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Simple MIB and how to use it from sending application

Hi all,

I'm new to SNMP, and
I need to create a very simple MIB file, with maybe 3-4 OIDs, and then send a trap that would contain one of them.
I tried to do my homework, but I'm baffled with complexity and incoherence of presentation, so please help.
An extremely simple example of an MIB and an example of how to send it (from C#, C++, a utility that does that - anything, as long as the list of parameters is intelligible or explained) will be perfect.
Kinda taking an easy way out here, but it doesn't hurt to try ;-)
Any help is appreciated,
Gene
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Mi-Jack
Asked:
Mi-Jack
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1 Solution
 
Steve JenningsIT ManagerCommented:
Creating your own MIB is non-trivial. You dont want to write your own code to do it. You need to get a C SNMP library and call it from your code. You should be able to google for sample C code and a library. No offense, but if you are having trouble at this stage you may be way in over your head. Look at PERL and snmp lib for some examples.

Good liuck,
Steve
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Mi-JackAuthor Commented:
I can send and receive in both C++ and C#, I just don't know how utilize an MIB, thats all.
Meaning: if I have an MIB that is specific to a company or product, how do I send a trap to reference that specific information? I can reference an OID defined in that MIB, but what else? How?

Sorry if I didn't make myself clear.
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Steve JenningsIT ManagerCommented:
So you C code is acting as thr agent? I see. Sorry. Then you need the conf files to be able to map the mib to. EG, "threshold reached" might be OID 1.2.3.4.5. So you find that oid in the MIB and send the variables associated with it. That is. 1.2 might be the company, 3 might be the entity (CPU) 4 might be five minute rate and 5 might be exceeded.

Good luck,
Steve
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Mi-JackAuthor Commented:
Exactly, but how?
I need a one-line example of an MIB entry, then, but this is making more sense already.
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Mi-JackAuthor Commented:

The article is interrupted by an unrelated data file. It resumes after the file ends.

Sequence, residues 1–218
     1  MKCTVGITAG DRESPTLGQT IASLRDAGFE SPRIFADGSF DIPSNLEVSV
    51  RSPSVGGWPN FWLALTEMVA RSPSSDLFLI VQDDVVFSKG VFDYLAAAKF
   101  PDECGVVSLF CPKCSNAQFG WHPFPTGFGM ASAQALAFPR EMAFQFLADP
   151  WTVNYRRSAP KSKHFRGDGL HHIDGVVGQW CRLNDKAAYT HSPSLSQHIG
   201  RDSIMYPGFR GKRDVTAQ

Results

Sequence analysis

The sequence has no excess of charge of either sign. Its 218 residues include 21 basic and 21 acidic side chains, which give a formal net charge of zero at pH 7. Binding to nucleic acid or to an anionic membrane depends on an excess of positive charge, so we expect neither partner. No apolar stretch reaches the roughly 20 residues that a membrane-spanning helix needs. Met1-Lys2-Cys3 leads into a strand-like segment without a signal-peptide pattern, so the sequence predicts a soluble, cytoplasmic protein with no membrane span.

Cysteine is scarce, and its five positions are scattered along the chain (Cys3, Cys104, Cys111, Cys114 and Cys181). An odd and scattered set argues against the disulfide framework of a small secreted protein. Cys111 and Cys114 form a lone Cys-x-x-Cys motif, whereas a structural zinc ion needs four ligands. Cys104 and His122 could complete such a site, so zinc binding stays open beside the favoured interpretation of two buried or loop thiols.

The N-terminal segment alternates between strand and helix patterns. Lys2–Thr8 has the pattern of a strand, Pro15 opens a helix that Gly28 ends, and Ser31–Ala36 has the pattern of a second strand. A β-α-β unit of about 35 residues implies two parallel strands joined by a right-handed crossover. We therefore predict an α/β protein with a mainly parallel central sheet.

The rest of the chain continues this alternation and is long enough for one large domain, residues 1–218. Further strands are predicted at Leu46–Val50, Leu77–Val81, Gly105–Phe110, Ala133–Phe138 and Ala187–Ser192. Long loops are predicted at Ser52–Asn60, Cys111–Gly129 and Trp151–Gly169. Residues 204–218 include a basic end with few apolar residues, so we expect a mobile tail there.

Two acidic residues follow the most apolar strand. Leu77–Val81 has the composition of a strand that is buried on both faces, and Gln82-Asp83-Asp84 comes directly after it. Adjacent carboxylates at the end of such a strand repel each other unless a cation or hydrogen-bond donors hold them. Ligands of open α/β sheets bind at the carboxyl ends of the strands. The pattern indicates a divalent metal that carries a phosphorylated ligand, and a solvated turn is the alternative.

not sure what to do with this question. no input, close it please.
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Steve JenningsIT ManagerCommented:

So here's part of a MIB entry.

********************************************************************
ifOperStatus OBJECT-TYPE
    SYNTAX  INTEGER {
                up(1),        -- ready to pass packets
                down(2),
                testing(3),   -- in some test mode
                unknown(4),   -- status can not be determined
                              -- for some reason.
                dormant(5),
                notPresent(6),    -- some component is missing
                lowerLayerDown(7) -- down due to state of
                                  -- lower-layer interface(s)
            }
********************************************************************

And the last number (1 thru 7) in the ASN notation for the MIB would indicate the interface status (ifOperStatus). So an agent on a Cisco router, for example, would receive a SNMP get in the form of an IOD for the status of an iterface. The agent software would query the interface and see that it is up (1) and return an OID with "1" as the last integer. SNMP management software, such as HP OpenView, would read the returned OID, look up the MIB and see that the last digit is a "1" and report the interface as "up".

So if you wanted to create your own MIB you would write it in Abstract Syntax Notation (ASN1) and put it on an SNMP manager. Then you would write an agent that would query for example an Oracle data base and see that some number of users were currently accessing a specific table. Lets say that you wanted a trap to be sent whenever more than 10 users were accessing a table. So your agent would constantly be checking ( or you are a good programmer and your code would be triggered by an event of some sort) for how many users are accessing a table. Your agent (the C code you have written) would sen an SNMP trap or Inform to the SNMP manager and it would be in the form of an OID, so the trap you are sending might look like 1.3.6.1.4.1.777.31.1, where 777 indicates that it is your company (XYZ company) and the .31 indicates it is an Oracle Threshold Event and the .1 indicates that the threshold has been reached.

Your MIB would contain the definition (as in the example above for ifOperStatus) and the SNMP manager would look up the OID string in your MIB and extract the appropriate string data to display indicating that a threshold had been reached.

There are enterprise MIBs that can be assigned to your company (that will always be preceded by the 1.3.6.1.4.1 OID string) that you can use however you like. If you were developing something that you wanted to market, you would need to follow the ASN1 rules for creating the MIB so that someone using a standard SNMP manager could "compile" your MIB so the manager woudl know what to do with it when it received a trap from your agent.

If you have ever seen an SNMP manager display something like:

EVENT: 1.3.6.1.4.1.2.6.3.3.56.6

That is, there was no way to know what the heck happened from looking at the OID, it is because the MIB wasn't defined to the SNMP manager OR the specific OID wasn't contained in any of the MIBs that the SNMP manager was aware of.

Good luck,
Steve
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Mi-JackAuthor Commented:
This gives me sufficient help to get where I need it to be, thank you.
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